Lots of systems still use NMEA 0183 for connectivity. It’s a simple two wire system but there’s no standard colour codes or connector type. This means installers need to design their own solution. NMEA devices that transmit data are called “talkers” and they connect to devices that receive data – “listeners.” In other words, NMEA OUT goes to NMEA IN. With a plus and minus polarity for NMEA data, it involves two wires and while a talker can broadcast to multiple listeners (typically up to 5 devices), two talkers can’t connect together without using a specialist multiplexer.
A typical installation would be connecting an AIS transponder to a plotter. The NMEA out from the AIS would connect to the NMEA input on the plotter. If you need to add wifi connectivity for an iPad or tablet, then our WLN10SM could also connect to the NMEA output of the AIS. Some devices may have multiple NMEA outputs. One at 4800 baud for traditional instruments and one at 38400 baud for AIS. These both require their own dedicated wiring.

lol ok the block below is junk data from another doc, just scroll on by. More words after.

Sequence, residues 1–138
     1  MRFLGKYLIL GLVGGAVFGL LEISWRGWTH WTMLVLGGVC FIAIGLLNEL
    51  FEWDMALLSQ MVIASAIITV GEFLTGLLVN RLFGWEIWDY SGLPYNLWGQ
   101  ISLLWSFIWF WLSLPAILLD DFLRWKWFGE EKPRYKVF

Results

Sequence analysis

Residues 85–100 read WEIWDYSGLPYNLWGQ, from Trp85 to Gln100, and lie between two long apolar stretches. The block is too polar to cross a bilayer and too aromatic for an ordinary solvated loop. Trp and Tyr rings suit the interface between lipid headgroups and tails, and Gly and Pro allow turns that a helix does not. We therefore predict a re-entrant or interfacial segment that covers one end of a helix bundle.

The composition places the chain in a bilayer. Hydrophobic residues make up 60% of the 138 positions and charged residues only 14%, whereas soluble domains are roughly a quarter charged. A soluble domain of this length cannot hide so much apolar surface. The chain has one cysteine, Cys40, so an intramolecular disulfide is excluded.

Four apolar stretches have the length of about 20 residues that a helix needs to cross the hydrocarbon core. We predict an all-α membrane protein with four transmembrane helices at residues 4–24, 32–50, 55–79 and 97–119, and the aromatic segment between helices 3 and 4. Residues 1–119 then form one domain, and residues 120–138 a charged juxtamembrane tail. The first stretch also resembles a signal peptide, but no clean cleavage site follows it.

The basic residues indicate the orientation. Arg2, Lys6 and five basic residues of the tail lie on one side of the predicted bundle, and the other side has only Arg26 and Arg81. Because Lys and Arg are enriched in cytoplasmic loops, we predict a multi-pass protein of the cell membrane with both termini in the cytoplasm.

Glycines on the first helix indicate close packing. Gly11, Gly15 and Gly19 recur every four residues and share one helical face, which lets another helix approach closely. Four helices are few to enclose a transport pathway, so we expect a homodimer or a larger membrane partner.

The new JB1 junction box from Digital Yacht is a simple, easy to install solution for NMEA 0183 and power connections. It uses a patented spring lock terminal system from Wago. This allows various sized cables to be connected and joined in seconds.
The internal connections use a patented Wago system. The two way joining blocks measure just 12 x 18mm and you can be remove this to aid inserting thin and fiddly cables. Open the lever, insert the cable and snap shut for a reliable insulated connection.
“Get NMEA 0183 data into your PC or MAC with this super stable interface.”
“Connects to any NMEA AIS compatible chart plotter and adds an AIS overlay. Simple to install, highly sensitive dual channel design that’s easy to install with Garmin, Raymarine, Standard, Lowrance, Simrad, Furuno etc plotters.”
“One NMEA2000 to NMEA0183 Gateway/Converter for all your data needs”